Sweet as Honey
by Bradley P. Beaulieu
All was silent as I lay in the rooftop garden above my home. I could remember
neither the reason I'd come nor the duration of my stay. I couldn't, in fact,
remember anything. My mind was so caught in the fugue of slumber that it seemed
determined to hide the answers from me, and my body was so leaden it refused all
calls to action.
I did after some effort manage to flutter my eyes open. Spread above me was a
cloudy, cream-colored sky. The sigh of the Inland Sea returned soon after, and with
it, the drone of my honey bees.
What a welcome sound. What a welcome sound, indeed.
Footsteps thudded toward me. A moment later Joseph Winslow was staring down
at me, his woolen hat crumpled in one fist, his ragged face concerned. "You all
I wanted to answer him. I did. But I was helpless. My mind seemed unable to focus
on anything but the world around me: the air, which smelled of brine and seaweed
and smoking fish; the breeze, which chilled my skin; the ground, which rocked to
and fro as if I were lying on the deck of a creaky old galley. Then, like an
approaching storm, flesh and bone demanded their due consideration. My head
ached, perhaps from the fall. My thumb was sore, and it seemed to be growing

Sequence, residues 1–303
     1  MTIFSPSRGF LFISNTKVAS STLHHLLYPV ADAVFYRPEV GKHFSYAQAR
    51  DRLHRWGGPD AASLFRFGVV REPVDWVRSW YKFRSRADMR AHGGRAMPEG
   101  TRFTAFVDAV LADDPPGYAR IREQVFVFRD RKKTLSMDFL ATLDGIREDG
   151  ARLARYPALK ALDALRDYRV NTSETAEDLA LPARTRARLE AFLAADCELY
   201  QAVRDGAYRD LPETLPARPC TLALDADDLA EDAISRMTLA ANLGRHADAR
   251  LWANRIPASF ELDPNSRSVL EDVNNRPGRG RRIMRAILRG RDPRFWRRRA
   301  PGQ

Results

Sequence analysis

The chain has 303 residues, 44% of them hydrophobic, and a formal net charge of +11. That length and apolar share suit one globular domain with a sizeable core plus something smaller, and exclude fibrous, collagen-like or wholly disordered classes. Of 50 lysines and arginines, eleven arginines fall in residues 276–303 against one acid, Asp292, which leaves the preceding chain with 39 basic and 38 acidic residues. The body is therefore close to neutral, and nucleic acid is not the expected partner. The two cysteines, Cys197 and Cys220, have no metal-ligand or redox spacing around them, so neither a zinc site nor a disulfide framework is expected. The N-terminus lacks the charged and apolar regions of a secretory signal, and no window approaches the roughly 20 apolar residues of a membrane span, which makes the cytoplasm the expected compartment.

worse by the moment. My breathing, shallow only moments ago, was beginning to
deepen, bringing with it a feeling of suffocation.
Joseph's voice became insistent. "Susanna, are you all right?"
I sat up, coughing. Joseph helped me to my feet, but it wasn't until I had removed
my hat and pulled the bee keeper's veil from around my head and neck that my
breathing came easier.
Everything around me seemed new. There was a partially filled beehive sitting on
the ground nearby. Several of its frames already held bees; the rest were empty.
For the life of me I couldn't figure out what it was doing there. I wasn't planning
to work on the new colony until tomorrow --
I frowned at the painful red welt that glowered on the meat of my thumb. A tiny
black stinger rested in the center of it. One of my bees . . .